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which may be established in pursuance of section one of this Article, and shall fix by law the powers, duties, and responsibilities of the Judges thereof.
Sec. 11. The Legislature shall provide for the election Clerks of of a Clerk of the Supreme Court, County Clerks, District Attorney's, Sheriffs, and other necessary officers, and shall fix by law their duties and compensation. County Clerks shall be ex officio Clerks of the Courts of record in and for their respective counties. The Legislature may also commis
sioners. provide for the appointment by the several District Courts of one or more Commissioners in the several counties of their respective districts, with authority to perform Chamber business of the Judges of the District Courts and County Courts, and also to take depositions, and to perform such other business coffnected with the administration of justice as may be prescribed by law.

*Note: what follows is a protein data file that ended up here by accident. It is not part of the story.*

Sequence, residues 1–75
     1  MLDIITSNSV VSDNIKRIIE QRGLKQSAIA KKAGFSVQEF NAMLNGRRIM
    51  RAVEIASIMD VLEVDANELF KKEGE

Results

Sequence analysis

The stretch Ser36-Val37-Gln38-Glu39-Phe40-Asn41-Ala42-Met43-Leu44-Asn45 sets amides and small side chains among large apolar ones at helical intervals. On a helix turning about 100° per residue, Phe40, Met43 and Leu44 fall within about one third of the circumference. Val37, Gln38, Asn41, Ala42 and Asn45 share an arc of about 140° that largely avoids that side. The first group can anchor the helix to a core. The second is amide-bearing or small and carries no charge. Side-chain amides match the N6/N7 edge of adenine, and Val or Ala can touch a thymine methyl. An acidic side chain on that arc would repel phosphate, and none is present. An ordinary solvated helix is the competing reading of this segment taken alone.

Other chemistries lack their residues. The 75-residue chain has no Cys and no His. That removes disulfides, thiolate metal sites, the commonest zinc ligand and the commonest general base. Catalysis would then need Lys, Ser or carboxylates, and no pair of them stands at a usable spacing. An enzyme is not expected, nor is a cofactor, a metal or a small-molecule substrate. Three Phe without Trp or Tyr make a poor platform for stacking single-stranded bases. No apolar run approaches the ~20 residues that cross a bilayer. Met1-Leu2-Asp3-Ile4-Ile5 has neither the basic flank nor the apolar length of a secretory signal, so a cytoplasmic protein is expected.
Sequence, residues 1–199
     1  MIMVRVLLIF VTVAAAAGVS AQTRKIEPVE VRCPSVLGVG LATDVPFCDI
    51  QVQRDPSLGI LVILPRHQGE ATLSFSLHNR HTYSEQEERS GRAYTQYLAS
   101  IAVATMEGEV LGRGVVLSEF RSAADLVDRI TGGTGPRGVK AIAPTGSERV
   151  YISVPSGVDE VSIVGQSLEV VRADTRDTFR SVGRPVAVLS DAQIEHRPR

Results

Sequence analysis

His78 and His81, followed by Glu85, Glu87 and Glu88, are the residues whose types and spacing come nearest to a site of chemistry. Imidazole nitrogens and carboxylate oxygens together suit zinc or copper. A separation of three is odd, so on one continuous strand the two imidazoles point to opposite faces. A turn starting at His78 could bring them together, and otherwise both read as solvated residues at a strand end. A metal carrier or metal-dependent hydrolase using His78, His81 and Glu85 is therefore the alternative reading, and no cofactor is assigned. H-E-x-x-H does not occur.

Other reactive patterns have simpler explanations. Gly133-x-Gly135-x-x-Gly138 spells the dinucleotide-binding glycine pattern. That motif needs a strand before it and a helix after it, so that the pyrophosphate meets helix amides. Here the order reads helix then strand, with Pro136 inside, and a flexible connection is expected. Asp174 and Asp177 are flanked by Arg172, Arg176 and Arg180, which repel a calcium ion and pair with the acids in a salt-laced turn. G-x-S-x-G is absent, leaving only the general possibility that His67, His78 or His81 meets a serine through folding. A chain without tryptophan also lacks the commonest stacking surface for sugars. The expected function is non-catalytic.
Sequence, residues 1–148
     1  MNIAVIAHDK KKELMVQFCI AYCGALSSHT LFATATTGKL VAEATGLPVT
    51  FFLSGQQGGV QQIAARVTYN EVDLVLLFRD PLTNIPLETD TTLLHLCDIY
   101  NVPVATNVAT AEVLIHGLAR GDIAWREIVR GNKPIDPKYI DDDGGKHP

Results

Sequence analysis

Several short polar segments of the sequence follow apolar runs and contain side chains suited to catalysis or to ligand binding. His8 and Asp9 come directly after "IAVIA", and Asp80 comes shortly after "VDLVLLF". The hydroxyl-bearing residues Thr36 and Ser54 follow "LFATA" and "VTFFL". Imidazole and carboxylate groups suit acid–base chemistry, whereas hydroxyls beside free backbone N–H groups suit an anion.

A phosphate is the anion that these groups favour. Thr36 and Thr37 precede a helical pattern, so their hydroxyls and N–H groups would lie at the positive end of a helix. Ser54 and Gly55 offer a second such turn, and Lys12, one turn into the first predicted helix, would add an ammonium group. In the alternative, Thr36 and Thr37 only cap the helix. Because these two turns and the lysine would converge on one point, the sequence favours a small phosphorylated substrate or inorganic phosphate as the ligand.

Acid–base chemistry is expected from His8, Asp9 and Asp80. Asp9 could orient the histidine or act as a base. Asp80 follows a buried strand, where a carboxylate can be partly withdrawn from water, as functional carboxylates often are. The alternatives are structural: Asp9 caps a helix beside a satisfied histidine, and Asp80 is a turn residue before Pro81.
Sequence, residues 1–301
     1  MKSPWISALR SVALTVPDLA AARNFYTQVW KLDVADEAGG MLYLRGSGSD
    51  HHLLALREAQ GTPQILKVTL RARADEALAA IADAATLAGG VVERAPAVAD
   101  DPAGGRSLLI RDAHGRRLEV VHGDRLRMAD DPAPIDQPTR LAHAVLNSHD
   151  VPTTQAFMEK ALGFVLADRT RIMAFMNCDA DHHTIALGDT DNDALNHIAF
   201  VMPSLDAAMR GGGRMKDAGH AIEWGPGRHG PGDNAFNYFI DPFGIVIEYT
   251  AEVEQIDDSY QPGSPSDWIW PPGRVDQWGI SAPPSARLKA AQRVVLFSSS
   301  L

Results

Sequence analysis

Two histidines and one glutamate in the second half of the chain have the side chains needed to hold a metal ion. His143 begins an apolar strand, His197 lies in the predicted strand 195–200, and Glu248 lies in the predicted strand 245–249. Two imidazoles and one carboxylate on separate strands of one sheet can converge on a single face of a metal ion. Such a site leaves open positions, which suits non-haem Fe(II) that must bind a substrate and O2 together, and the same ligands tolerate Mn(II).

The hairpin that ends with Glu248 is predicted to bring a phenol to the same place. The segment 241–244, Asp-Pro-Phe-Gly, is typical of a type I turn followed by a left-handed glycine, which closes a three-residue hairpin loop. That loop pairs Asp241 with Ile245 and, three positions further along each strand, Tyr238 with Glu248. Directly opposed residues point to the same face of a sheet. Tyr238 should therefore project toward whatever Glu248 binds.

Sec. 12. The times and places of holding the terms Terms of of the several Courts of record shall be provided for by law.
SEC. 13. No judicial officer, except Justices of the Fees of
Judicial Peace, Recorders, and Commissioners shall receive to his officers. own use any fees or perquisites of office.
Sec. 14. The Legislature shall provide for the speedy Decisions
ot Supreme publication of such opinions of the Supreme Court as it Court. may deem expedient; and all opinions shall be free for publication by any person.
Sec. 15. The Justices of the Supreme Court, District şalaries of Judges, and County Judges, shall severally, at stated oflicers. times during their continuance in office, receive for their services a compensation, which shall not be increased or diminished, during the term for which they shall have been elected; provided, that County Judges shall be paid out of the County Treasury of their respective counties.